April 13, 2014

Live Music

I can say with some emphasis that I really like live music. Or rather, in the past I have enjoyed many live music shows. In my youth.

But I can also say that as I age, the appeal of a stand-up show that starts (!) after 10:00 PM loses some of its appeal.

So, while I know why my sweet ever lovin' wanted to get out of the house this weekend, I was not completely thrilled when she said that she bought tickets to a show at Warehouse Live, an interesting Houston music venue. (the act isn't as important as the action)

The tickets said "Doors Open at 8:00" so we naively thought that the show would start some time like 8:30.

So we had dinner across the street from the venue at a great little Vietnamese place called Huynh. We had Bo Luc Lok and Baby Kai Lan in Garlic. For appetizers we had pork spring rolls.

We were surprised at how empty the restaurant was, and how easy it was to find parking. At 8:00.

We got into the venue, and it was mostly empty, though I did have to stand in line for a beer. (Isn't that odd? Why wouldn't they increase the beer staff to make more money?). We wandered into the performance hall about 8:30 and stood about 3' from the stage (not my preferred location, by the way. I like sitting back farther than that, but Doreen likes to watch them sweat.)

We stood and waited, and talked to the others around us. We were surprised at how small the crowd was.

Finally, about 9:15 the warm-up band started. I could not understand a word they said, so I never got their name. They played a lot of Southern Rock, and a lot of songs written by the band. Now, Southern Rock has never been my favorite style of music, but I have to say that these kids are living their dream. I don't know if they all had day jobs (IT specialists?) but they really loved playing their music. Some of the folks I went to high school with are doing this same type of gig, so I know how hard it is to make a living at this. I admired them.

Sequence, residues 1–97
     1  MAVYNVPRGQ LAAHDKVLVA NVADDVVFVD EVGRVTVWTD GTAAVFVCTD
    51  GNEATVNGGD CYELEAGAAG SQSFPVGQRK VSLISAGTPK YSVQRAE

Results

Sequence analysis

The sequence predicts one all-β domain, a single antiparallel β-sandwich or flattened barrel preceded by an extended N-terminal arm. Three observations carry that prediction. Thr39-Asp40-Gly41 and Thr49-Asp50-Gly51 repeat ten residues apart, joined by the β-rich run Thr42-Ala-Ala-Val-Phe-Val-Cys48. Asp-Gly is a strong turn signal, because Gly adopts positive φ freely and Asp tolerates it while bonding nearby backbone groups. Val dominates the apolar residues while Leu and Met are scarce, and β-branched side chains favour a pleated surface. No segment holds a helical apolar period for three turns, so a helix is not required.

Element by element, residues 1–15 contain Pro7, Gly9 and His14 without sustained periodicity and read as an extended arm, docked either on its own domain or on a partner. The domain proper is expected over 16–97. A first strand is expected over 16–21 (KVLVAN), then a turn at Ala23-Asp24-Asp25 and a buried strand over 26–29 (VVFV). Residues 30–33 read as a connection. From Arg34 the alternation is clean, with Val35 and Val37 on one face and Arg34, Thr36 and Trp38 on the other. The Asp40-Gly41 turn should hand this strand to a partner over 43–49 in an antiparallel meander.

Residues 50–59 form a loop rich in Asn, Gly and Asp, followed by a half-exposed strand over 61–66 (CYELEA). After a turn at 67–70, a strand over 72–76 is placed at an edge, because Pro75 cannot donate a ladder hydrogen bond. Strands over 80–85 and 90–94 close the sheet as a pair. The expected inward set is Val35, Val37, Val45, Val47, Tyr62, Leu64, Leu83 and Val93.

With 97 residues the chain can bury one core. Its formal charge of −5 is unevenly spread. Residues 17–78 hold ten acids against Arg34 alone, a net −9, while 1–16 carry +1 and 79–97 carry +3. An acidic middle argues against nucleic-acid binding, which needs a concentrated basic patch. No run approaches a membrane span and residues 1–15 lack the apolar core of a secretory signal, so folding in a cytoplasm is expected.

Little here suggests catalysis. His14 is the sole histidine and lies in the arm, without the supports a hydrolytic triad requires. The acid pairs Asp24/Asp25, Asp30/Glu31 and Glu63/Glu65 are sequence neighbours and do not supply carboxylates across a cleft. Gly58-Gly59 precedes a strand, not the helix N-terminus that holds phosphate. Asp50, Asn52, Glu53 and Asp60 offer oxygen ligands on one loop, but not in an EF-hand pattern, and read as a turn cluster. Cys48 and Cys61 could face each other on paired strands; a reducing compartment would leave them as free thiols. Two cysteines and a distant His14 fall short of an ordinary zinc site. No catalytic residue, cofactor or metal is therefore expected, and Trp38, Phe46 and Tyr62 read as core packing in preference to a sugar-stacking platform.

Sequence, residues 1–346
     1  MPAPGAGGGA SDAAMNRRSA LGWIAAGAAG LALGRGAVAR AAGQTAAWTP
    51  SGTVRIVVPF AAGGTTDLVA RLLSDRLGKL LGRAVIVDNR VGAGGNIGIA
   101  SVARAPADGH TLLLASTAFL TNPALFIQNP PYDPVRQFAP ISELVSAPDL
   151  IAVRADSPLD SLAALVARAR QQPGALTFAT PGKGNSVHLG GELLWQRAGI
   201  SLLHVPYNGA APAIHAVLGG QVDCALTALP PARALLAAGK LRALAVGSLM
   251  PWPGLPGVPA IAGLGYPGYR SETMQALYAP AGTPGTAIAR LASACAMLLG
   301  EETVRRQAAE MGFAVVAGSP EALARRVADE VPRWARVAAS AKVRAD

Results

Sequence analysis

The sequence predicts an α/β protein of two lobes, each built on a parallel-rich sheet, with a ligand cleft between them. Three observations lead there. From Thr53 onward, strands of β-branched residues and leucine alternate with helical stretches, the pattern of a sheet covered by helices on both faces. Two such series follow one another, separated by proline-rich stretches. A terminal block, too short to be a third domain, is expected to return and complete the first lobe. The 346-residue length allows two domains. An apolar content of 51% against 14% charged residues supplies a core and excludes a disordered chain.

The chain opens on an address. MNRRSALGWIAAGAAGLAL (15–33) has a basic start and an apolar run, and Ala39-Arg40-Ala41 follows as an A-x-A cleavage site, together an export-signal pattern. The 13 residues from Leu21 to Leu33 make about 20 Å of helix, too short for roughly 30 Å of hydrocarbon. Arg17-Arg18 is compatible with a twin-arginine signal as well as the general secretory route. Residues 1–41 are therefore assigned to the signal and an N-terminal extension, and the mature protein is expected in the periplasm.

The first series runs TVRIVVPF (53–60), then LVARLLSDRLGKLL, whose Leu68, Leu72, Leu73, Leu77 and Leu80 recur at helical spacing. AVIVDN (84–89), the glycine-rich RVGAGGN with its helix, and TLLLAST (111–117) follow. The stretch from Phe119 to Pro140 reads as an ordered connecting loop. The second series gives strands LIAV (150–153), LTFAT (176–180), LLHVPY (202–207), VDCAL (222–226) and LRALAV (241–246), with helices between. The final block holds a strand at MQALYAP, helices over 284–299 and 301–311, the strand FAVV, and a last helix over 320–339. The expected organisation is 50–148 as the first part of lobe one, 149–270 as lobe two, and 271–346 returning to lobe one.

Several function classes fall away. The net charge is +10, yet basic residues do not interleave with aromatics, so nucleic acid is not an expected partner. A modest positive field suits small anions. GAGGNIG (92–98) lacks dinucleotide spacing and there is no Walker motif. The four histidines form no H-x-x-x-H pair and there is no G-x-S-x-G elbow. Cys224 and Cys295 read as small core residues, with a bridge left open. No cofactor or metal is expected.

They quit about 9:45 (short set) and then the Headliner's roadies started swarming the stage. That was sort of an act to see, but they didn't start playing until about 10:30.

Not having been to a show in a long time, I was shocked at how many people were taking photos with their phones. Non-stop! And as I was in the front of the crowd, I could see many of the images. They mostly looked like this:

Crazy. But I suppose they take it to heart.

Again, the sound system meant that you couldn't understand a word of the songs, which is tough when they sing a lot of ballads. I finally moved to the back of the room, which gave me a better view and allowed for a better sound. I think that I have seen more live popular music shows than Doreen has, I believe that being far away is usually a better location. I think she was making an analogy to musical theater, ballet, or the opera, in which case closer is much better.

We left before the show was over, but the tickets were only $38, so you cant complain too much.

April 8, 2014


It is hard to get back into the swing of things, but we must carry on.

And part of carrying on is talking about the wonderful circus we saw while in Lille.

This all happened rather by accident. We got to Lille about mid-day, and our room wasn't ready. We had anticipated this, and knew we were going to wander about town just exploring a little. I have some other posts describing some of the things we did.

There is a famous citadel in Lille designed by Vauban that Doreen had wanted to see. It is still being used by the French military (after 350 years!) so we knew that there may be a problem trying to get in. (Long story there. You need to apply to enter, have a copy of your passport, etc, etc.) So we wandered over to see what it looked like from the outside. 

But when we got there, we saw a bunch of tents, semi-trailers, and cars parked in the Champ des Mars. We got closer and saw that it was a circus! A little local circus called the Cirque Arlette Gruss. The theme of this show was "The Revolution in Red and White"

This was about 1:30, and the show started at 2:00. We hemmed and hawed a little bit, but then decided to go. We asked for the "best seats in the house" and were certainly rewarded with them! We had front row seats exactly opposite where the performers came out onto the ring.